WNYC's Bob Hennelly is an award-winning investigative journalist. While at WNYC he has reported on a wide gamut of major public policy questions ranging from immigration and homeland security to power outages and utility mergers.
For New Jersey's 566 municipalities, the next fiscal year could be one of the toughest yet.
Towns and public schools are funded by billions of dollars in revenue from locally levied property taxes. For decades, local budget makers and homeowners could count on property values going up year after year.
But, thanks to the lingering foreclosure crisis, real estate prices have been declining. The Philadelphia Federal Reserve last month reported the slide was most pronounced in southern Jersey, with year-to-year declines ranging from 7 to 10 percent.
That kind of slide enables New Jersey property owners to appeal their property taxes if it’s based on valuations that pre-date the housing bubble bust.
Bill Dressel, executive director of the League of Municipalities, said local governments have been inundated with such appeals, and it has resulted in hundreds of millions of dollars in appraisal markdowns.
“If you have successful property tax appeals, which we experienced an unprecedented number of them in 2011, that means that you have reduced you’re tax base," Dressel said.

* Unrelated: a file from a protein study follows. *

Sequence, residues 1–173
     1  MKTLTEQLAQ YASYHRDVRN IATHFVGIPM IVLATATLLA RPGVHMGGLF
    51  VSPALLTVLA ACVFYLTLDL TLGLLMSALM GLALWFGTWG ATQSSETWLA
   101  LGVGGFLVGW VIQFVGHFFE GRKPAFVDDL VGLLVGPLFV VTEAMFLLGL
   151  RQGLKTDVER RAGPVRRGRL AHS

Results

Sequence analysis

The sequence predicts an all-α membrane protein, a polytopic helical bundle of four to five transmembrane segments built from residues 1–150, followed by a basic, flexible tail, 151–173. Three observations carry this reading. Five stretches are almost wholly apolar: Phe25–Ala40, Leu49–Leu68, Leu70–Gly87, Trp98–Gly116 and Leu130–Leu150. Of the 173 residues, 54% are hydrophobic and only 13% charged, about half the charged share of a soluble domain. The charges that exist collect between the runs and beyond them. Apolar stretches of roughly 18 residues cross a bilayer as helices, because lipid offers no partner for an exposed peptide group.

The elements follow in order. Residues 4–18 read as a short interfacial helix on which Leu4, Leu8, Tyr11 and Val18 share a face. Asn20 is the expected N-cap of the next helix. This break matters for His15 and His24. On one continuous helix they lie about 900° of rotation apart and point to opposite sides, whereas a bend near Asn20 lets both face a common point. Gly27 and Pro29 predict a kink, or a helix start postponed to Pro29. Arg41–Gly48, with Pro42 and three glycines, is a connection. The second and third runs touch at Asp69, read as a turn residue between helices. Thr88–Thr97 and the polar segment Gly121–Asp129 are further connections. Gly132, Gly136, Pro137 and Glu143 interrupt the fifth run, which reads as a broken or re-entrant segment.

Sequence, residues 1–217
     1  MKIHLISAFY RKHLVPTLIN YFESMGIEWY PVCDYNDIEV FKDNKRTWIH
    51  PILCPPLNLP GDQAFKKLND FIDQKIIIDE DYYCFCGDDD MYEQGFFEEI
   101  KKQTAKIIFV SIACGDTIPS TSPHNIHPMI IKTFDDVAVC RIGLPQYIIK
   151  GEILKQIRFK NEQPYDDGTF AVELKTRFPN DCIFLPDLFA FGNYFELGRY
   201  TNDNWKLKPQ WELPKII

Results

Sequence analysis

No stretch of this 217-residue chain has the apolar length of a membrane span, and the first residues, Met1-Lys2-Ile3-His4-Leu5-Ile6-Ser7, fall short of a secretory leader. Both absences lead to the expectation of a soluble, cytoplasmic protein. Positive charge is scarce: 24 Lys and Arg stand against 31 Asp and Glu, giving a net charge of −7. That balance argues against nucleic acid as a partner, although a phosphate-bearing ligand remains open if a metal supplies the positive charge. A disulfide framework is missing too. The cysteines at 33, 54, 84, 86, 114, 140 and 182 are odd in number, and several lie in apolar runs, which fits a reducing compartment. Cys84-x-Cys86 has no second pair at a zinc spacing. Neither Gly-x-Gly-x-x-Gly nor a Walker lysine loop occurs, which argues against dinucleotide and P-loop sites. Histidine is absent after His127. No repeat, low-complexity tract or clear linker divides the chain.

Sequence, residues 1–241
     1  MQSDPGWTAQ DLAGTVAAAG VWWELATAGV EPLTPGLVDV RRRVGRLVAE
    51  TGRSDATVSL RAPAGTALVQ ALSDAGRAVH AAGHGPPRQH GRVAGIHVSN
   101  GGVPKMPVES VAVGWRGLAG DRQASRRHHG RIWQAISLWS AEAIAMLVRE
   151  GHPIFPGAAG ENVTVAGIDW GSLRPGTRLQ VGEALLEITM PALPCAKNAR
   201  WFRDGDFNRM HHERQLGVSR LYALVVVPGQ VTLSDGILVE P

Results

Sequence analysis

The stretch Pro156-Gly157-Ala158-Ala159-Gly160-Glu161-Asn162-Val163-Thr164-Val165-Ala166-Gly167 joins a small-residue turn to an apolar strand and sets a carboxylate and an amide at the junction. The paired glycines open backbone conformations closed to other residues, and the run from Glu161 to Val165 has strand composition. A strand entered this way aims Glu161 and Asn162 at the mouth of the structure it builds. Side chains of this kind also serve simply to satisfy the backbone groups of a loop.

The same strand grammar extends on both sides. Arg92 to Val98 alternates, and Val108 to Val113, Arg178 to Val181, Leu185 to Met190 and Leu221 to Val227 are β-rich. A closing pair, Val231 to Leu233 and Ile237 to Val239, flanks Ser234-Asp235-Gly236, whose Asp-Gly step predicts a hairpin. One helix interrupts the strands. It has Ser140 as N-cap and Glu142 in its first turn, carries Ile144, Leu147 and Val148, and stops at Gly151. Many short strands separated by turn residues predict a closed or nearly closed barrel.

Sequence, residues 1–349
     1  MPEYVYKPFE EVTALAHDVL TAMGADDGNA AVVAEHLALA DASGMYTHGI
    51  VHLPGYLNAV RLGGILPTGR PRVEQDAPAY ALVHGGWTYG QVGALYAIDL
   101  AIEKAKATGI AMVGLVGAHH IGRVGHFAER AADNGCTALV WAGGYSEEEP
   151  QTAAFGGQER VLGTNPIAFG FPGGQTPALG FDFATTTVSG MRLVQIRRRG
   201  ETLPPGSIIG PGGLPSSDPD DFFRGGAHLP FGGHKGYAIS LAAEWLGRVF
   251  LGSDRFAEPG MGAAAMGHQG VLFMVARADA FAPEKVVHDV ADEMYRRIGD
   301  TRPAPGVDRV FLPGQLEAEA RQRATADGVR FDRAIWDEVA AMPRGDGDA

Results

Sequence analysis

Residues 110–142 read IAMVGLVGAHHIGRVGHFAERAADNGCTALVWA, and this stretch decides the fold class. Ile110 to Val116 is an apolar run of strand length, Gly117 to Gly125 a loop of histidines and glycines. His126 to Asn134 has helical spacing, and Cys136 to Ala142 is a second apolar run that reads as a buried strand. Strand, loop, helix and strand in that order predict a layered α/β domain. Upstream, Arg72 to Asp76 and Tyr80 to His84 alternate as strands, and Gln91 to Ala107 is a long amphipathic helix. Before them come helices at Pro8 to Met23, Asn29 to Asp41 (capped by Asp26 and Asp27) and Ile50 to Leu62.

The latest numbers from New Jersey's Treasury office indicate that state tax revenues are running more than $300 million below projections. Last year's state budget was close to $30 billion dollars.
Compensating for an eroding tax base is not municipal governments’ only challenge.
Trenton imposed a 2 percent cap on local property tax increases last year. A recent Star Ledger analysis documented that the cap appeared to be taking hold with the average increase in local property taxes held down to just over 2 percent, the smallest increase in twenty years.
Dressel said locals are also bracing for the impact of cuts in federal aid, as well as the end of stimulus funds that helped municipalities avoid some layoffs.
"Right now we are very uneasy as it relates to what’s happening on state street under the gold dome on west state street and we’re also very concerned about what the prospects are on the Potomac in Washington, DC,” Dressel said.
Local governments and public school districts will learn how much in state aid they will be getting out of Trenton when Governor Chris Christie presents his budget proposal in February for the fiscal year that starts July 1.